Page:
Sunday, April 24, 2016

The 2016 Pennsylvania Primary Election

           The 2016 Primary Election on Tuesday, April 26 will be historic, as it is the first contested presidential primary among Republicans since 1980, with the possibility of a contested Convention for the first time in 40 years, and includes a candidate who is a native Pennsylvanian.  

           There are also contests of particular interest to conservatives for Attorney General, United States Representative and state legislative offices, as well as ballot questions.

For the Republican nomination for U.S. President, there are three major candidates remaining.  One of them is a native of the Keystone State who resided here until he went to college in neighboring Ohio while his family continued to reside in McKees Rocks, Allegheny County.  The only Pennsylvanian ever elected President was Democrat James Buchanan in 1856. 

In the interest of full disclosure, John Kasich of Ohio, then a U.S. Representative, came to Reading in 2000 to address the Berks County Republican Committee, interviewed me and endorsed me for State Representative.  His political committee sent me a generous donation.  Neither Kasich nor his campaign has ever asked me for anything in return.

Pennsylvania Republicans also elect Delegates to the Republican National Convention and Alternate Delegates in the Primary.  Pennsylvania will send 71 Delegates to the Convention, which includes 17 elected at-large who are bound to the candidate who receives the most statewide votes.  Three Delegates are directly elected from each of the 18 Congressional Districts, for a total of 54.  Officially unbound, some candidates for Delegate are personally committed to particular candidates.  Others are uncommitted, as there would be several weeks of significant developments between the primary and the Convention in July, while others promise to vote, at least on the first ballot at the Convention, for the candidate who receives the most votes in their Congressional District.  The same is true for the candidates for Alternate Delegate.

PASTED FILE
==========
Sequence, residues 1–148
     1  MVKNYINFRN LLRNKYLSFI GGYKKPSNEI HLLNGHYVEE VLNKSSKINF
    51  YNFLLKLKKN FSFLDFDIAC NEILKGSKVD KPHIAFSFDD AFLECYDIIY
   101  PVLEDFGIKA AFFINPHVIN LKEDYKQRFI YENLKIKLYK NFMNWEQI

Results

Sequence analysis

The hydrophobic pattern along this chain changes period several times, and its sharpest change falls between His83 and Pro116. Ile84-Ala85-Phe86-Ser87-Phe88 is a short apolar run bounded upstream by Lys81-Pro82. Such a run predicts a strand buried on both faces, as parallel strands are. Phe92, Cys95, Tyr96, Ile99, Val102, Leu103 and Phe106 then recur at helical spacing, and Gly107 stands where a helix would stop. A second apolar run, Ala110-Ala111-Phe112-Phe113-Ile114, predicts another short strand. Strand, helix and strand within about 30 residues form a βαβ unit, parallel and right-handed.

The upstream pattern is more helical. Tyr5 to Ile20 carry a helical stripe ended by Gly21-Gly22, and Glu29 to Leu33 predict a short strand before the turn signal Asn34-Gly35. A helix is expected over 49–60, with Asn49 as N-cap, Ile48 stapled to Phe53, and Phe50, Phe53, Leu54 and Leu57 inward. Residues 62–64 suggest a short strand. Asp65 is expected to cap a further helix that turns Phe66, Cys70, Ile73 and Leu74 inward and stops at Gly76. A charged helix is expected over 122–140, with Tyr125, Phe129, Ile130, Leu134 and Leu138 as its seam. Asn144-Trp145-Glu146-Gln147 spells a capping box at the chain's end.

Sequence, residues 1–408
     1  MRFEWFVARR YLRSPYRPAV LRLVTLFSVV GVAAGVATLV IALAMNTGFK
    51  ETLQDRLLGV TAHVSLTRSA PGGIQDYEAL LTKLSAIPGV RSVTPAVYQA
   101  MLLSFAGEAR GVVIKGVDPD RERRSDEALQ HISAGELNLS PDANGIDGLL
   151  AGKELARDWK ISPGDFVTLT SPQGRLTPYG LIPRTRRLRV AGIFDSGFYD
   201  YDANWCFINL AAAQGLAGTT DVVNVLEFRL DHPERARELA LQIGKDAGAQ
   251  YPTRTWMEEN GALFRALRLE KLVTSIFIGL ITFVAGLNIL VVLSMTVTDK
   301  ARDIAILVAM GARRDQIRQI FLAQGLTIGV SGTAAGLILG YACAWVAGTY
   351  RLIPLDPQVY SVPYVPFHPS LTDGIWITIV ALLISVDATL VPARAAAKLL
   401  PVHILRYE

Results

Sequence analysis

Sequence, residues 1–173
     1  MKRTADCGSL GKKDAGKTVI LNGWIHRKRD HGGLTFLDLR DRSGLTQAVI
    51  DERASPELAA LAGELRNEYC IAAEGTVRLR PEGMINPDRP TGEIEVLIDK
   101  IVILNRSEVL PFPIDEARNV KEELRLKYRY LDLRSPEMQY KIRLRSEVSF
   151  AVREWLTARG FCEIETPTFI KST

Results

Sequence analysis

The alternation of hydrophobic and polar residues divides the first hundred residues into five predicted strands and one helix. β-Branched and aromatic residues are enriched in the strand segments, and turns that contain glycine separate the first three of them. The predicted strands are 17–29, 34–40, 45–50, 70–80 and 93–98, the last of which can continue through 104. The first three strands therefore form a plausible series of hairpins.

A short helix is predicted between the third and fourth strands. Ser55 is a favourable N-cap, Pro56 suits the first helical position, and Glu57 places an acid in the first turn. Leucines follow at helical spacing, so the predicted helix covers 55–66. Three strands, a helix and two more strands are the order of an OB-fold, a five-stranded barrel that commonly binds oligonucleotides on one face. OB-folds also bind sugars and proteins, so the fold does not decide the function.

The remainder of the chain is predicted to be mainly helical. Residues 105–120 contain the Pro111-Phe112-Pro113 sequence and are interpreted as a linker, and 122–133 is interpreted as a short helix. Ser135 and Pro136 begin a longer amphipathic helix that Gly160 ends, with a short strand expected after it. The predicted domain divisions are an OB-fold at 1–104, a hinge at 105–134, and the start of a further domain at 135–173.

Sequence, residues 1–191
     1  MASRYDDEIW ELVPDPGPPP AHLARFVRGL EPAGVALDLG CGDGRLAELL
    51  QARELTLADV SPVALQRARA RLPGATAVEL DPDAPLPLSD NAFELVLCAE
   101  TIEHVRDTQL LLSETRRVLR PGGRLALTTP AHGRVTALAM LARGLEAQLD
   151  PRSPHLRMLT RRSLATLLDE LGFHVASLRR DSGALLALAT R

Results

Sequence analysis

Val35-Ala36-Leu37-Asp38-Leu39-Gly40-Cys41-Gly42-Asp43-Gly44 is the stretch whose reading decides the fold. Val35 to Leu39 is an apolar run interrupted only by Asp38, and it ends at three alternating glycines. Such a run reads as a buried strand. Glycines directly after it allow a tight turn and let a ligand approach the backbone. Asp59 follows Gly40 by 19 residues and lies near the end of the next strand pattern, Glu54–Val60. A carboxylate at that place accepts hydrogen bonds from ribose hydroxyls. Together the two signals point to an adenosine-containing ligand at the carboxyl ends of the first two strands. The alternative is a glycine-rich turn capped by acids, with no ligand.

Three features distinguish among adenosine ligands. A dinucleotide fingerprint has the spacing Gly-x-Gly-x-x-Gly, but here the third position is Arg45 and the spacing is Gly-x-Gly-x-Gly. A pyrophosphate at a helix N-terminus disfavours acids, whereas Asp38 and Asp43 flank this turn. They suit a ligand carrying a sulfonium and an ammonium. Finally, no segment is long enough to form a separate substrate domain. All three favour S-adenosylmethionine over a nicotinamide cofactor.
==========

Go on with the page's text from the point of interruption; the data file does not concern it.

To be nominated for President or Vice President, one must receive a majority vote of the Delegates.  Therefore, no candidate is eliminated unless someone attains a majority in the balloting by the Delegates at the Convention.  It is possible that no candidate will win a majority on at least the first ballot.  Delegates bound to certain candidates, including to a number of candidates who have suspended their campaigns, would then be free to exercise their good judgment as to which candidate would best represent the GOP and its conservative platform and could be elected to office. 

            Conservative Pat Toomey is uncontested for renomination for U.S. Senate, but there are contests in several Districts, including the 16th, which includes Reading, for U.S. Representative around Pennsylvania

            There are nominations for statewide executive offices on the ballot for state Attorney General, for which there is a contested primary between two qualified conservatives, Treasurer and Auditor General.  Nominations for all state House seats and half of the seats in the state Senate are on the ballot.  There are contests in some of these districts. 

            There are conservative candidates for many of these offices, or at least relatively more conservative candidates to choose. 

            There is also a Constitutional referendum, as well as local questions on the ballot of interest to conservatives.  

           The 2016 Pennsylvania Primary is the most significant in decades.  Conservatives should make plans now to vote on Tuesday, April 26 to choose the candidates who best represent the Republican Party and its conservative platform and who are likeliest to be elected in the General Election.

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